Hometown: Dallas, Texas
High School: Wasatch Academy
Caleb Lohner Player Preview
Lohner came to BYU last summer after signing with Utah and then deciding BYU and Mark Pope was the better place for him. He got off to a bit of slow start, but he was an elite rebounder from the start and turned around his three point shooting in conference play. In WCC play, Lohner was a blistering 15-30 (50%) from three in 19 games after shooting 4-25 (16%) in non-conference play.
Lohner was named to the WCC All-Freshman team and was rewarded going into this year by being named Preseason First Team All-WCC.
Rebounding is Lohner’s best skill, as he averaged 7.1 boards per game and was 89th nationally in defensive rebounding percentage and 220th nationally in offensive rebounding percentage, according to KenPom. With BYU a bit more undersized this year, Lohner will be counted on more to clean up on the glass and create second chance points with offensive rebounds. His two biggest assets are 1) rebounding and 2) hitting outside shots to stretch out the defense. The next phase of his game will be creating offense off the dribble and coming off screens, but if he can do the first two things really well and be a versatile defender, then he should be an All-Conference player at the end of the season and get on the radar of NBA scouts.
Lohner was a good defender for a freshman last year, and he will be asked to do more this year. Lohner will mainly play the 4 spot, but he will also play the 5 at times in order to get the most talent on the floor. When he plays the 5, BYU will be able to get an additional wing like Seneca Knight or Trevin Knell on the floor to maximize BYU’s offensive firepower. A lineup of Alex Barcello, Te’Jon Lucas, Gideon George, Seneca Knight, and Caleb Lohner gives up interior size, but they compensate with some length, versatility, and a lot of scoring options.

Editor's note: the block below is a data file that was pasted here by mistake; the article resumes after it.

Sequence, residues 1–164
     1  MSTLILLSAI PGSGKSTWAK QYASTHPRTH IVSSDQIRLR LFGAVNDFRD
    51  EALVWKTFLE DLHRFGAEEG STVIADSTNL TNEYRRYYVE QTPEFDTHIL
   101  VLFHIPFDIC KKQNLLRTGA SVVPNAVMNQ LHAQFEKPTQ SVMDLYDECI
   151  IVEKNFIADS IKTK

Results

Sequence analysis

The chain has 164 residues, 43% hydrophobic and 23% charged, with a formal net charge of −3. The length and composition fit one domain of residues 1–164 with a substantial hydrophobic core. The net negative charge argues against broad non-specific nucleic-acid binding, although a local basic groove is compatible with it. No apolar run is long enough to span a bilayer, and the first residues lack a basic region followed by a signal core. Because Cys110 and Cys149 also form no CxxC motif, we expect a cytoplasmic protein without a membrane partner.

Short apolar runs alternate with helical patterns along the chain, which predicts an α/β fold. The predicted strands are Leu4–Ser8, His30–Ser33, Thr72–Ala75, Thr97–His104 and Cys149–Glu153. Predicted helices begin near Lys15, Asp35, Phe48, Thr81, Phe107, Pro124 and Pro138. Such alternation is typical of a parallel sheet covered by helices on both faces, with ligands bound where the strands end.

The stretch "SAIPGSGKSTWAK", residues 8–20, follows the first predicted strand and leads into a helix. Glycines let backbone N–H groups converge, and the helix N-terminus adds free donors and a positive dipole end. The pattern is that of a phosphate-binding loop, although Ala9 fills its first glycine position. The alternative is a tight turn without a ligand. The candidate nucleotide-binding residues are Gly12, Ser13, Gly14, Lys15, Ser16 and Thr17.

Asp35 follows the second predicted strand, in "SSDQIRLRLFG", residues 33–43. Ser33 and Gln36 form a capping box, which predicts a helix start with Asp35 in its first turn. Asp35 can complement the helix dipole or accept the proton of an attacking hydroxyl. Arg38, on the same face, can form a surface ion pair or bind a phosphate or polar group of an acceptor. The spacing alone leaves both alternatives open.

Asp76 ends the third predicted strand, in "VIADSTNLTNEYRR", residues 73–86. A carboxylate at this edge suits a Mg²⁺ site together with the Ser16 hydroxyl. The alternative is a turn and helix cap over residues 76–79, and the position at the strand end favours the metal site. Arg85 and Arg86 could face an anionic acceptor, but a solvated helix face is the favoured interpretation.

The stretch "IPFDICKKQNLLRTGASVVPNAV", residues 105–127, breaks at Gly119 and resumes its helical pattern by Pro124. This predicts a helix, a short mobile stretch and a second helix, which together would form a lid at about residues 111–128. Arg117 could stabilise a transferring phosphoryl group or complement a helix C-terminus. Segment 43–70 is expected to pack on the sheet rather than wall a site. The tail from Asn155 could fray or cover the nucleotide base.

If Lohner can become a consistent three-point shooter that shoots close to 40%, guard multiple spots on defense, and continue his elite rebounding, then anything else he provides is gravy and we’ll start talking about the NBA for him.
Player Comp: Julius Randle
Why do I say the New York Knicks All-Star forward? Well, that’s who BYU coaches are telling Lohner to model his game after, sources told me. Randle was a stud freshman at Kentucky, started off his NBA career nicely, and then shot up to an all-star level with the Knicks.
Coaches told Lohner to watch Randle because they are both the same size. Randle came into the NBA averaging double digit rebounds before developing his offensive game as his career progressed. Lohner is similar in that he already is an elite rebounder but isn’t nearly as developed offensively.
Developing into Randle is a tall task, but if Caleb can get even close to that then he will have a fantastic BYU career and a shot at the NBA.
2021-2022 Expectations: Starter, Foundational Piece
Lohner will be one of the best 3-4 players for BYU this year. He’ll be asked to do more since BYU isn’t big, so the jump he takes from year one to year two will have a lot of say in BYU’s success this season. If he’s similar to freshman Caleb, then he’s a good starter but BYU probably doesn’t win a game in the NCAA Tournament. If he makes a jump in year two and is a double-double guy that consistently hits threes and can guard bigs and wings, then BYU could be a Sweet 16 team.